Mid-Continental Canadian forests
The mid-continental Canadian forest ecoregion extends from southern Great Slave Lake in NWT to encompass most of northeastern Alberta, central Saskatchewan and parts of west-central Manitoba.
This ecoregion is classified as having a subhumid mid-boreal ecoclimate. It is marked by short, cool-to-warm summers and long, cold winters. The mean annual temperature ranges from -2°C to 1°Celsius (C); the mean summer temperature ranges from 13°C to 15.5°C; and the mean winter temperature ranges from -17.5°C to -13.5°C. Mean annual precipitation ranges from 300 millimeters (mm) to 625 mm, with the wettest areas being in the southeastern portions of the Mid-Boreal Lowland.
ecoregion consists of both lowland and upland areas which may be grouped into three regions: the Slave River Lowland in northeastern Alberta; the Mid-Boreal Lowland, which comprises the northern section of the Manitoba Plain; and the Mid-Boreal Uplands, which occur as a group of upland areas south of the [Canada|Canadian]] Shield stretching from north-central Alberta to southwestern Manitoba. The lowland areas are underlain by relatively flat, low-relief Palaeozoic carbonates forming undulating sandy plains, or flat-lying Paleozoic limestone bedrock covered by level to ridged glacial till, lacustrine silts and clays, and extensive peat deposits. The upland areas, for the most part, consist of Cretaceous shales, and are covered entirely by kettled to dissected, deep, loamy to clayey-textured glacial till, lacustrine deposits, and inclusions of coarse, fluvoglacial deposits.This
Elevations in the uplands range from about 400 to over 800 meters (m) above sea level (asl). Both upland and lowland areas have sporadic, discontinuous permafrost with low [water|ice]] content, but the occurrence of permafrost is much rarer in the upland regions and is found only in peatlands. Wetlands and peatlands are prevalent in this ecoregion, especially in the lowland areas, while small lakes, ponds, and sloughs fill numerous shallow depressions associated with rougher morainal deposits in the upland regions.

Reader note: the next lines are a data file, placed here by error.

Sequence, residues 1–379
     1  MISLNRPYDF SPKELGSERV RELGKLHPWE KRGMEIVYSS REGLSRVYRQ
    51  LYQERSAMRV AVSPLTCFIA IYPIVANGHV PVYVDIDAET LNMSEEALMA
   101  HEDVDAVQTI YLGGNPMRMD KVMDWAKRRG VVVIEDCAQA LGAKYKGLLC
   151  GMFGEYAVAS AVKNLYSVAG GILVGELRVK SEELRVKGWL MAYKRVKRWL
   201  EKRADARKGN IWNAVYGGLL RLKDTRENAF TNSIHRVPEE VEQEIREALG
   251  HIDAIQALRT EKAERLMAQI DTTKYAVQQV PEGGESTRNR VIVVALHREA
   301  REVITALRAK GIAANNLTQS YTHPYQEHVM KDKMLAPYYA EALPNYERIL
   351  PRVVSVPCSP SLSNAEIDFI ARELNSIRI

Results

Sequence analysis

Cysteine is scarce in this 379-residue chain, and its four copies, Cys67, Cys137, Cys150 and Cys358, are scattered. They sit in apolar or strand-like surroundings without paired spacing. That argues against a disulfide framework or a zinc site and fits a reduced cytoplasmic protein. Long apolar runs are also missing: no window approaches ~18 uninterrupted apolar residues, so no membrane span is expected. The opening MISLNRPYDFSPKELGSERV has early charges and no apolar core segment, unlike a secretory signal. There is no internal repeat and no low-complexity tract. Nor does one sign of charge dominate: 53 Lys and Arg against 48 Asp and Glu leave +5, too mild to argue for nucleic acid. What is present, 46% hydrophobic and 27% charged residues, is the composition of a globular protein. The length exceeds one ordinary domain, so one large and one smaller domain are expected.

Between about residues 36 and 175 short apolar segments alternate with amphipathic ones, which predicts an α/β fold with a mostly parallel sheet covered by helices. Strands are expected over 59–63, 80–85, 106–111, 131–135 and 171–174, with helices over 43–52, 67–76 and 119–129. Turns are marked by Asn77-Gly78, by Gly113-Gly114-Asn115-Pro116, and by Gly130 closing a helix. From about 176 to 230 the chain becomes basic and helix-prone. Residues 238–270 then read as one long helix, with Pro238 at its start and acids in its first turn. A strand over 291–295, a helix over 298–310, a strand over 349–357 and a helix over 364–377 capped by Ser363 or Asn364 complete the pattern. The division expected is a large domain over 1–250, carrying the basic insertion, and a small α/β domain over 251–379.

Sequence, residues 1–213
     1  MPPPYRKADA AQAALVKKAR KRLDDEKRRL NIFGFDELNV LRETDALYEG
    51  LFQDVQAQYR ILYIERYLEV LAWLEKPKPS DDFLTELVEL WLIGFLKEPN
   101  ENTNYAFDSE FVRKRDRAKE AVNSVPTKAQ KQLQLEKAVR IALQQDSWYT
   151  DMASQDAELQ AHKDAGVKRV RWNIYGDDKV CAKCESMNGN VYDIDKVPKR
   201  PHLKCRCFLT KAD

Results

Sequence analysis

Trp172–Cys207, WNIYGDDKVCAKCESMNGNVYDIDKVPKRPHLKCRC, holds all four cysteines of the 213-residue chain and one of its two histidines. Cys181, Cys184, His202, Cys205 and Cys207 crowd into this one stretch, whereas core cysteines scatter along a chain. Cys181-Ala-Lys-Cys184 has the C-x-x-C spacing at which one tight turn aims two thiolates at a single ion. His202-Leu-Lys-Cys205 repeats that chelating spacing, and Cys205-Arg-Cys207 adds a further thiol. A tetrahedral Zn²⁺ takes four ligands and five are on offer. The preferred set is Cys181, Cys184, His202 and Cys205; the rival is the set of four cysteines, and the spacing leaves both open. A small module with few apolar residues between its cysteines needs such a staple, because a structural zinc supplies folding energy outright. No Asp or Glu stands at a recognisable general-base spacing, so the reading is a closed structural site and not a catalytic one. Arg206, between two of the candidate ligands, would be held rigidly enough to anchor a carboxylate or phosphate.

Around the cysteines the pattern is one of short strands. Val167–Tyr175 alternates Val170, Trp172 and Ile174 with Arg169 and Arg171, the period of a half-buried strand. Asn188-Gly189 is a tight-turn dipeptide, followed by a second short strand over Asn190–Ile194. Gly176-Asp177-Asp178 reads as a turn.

The ecoregion forms part of the continuous mid-boreal mixed coniferous and deciduous forest extending from northwestern Ontario to the foothills of the Rocky Mountains. The mixed coniferous and deciduous forest is characterized by medium to tall closed stands of quaking aspen (Populus tremuloides) and balsam poplar (Populus balsamifera) with white and black spruce (Picea glauca and P. mariana), and balsam fir (Abies balsamea) occurring in late successional stages. Cold and poorly drained fens and bogs are covered with tamarack (Larix laricina) and black spruce, and may also include ericaceous shrubs (Ericaceae) and mosses. Deciduous stands in the uplands have a diverse understory of shrubs and herbs; while coniferous stands tend to promote feathermoss. [fire|Fire]], drainage, and topography are probably the most significant factors influencing species assemblages.
Characteristic wildlife species includes moose (Alces alces), black bear (Ursus americanus), wolf (Canis lupus), lynx (Lynx canadensis), white-tailed deer (Odocoileus virginianus), elk (Cervus elaphus), beaver (Castor canadensis), muskrat (Ondatra zibethica), snowshoe hare (Lepus americanus), ducks, geese, American pelican (Pelecanus erythrorhynchos), sandhill crane (Grus canadensis), ruffed grouse (Bonasa umbellus), common loon (Gavia immer) and many other bird species. The Interlake Plain to the south is home to moose, coyote (Canis latrans), and eastern cottontail (Sylvilagus floridanus) as well. Wood Buffalo National Park-within the Slave River Lowland-is populated by the world's largest bison (Bison bison) herd.
The principal breeding range for whooping cranes (Grus americana) in North America is found within this ecoregion. The wetlands found here are of hemispheric significance to waterfowl [migration], including many staging sites. The Cumberland delta-a very large wetland complex-is one such example. This 'inland' delta was formed in post-glacial times on a lake that no longer exists. This ecoregion also has a rich diversity of large ungulate species: bison (Bison bison), elk, woodland caribou (Rangifer tarandua ssp. caribou), moose and deer. In addition, the northern most bat hibernacula in North America are located within this ecoregion.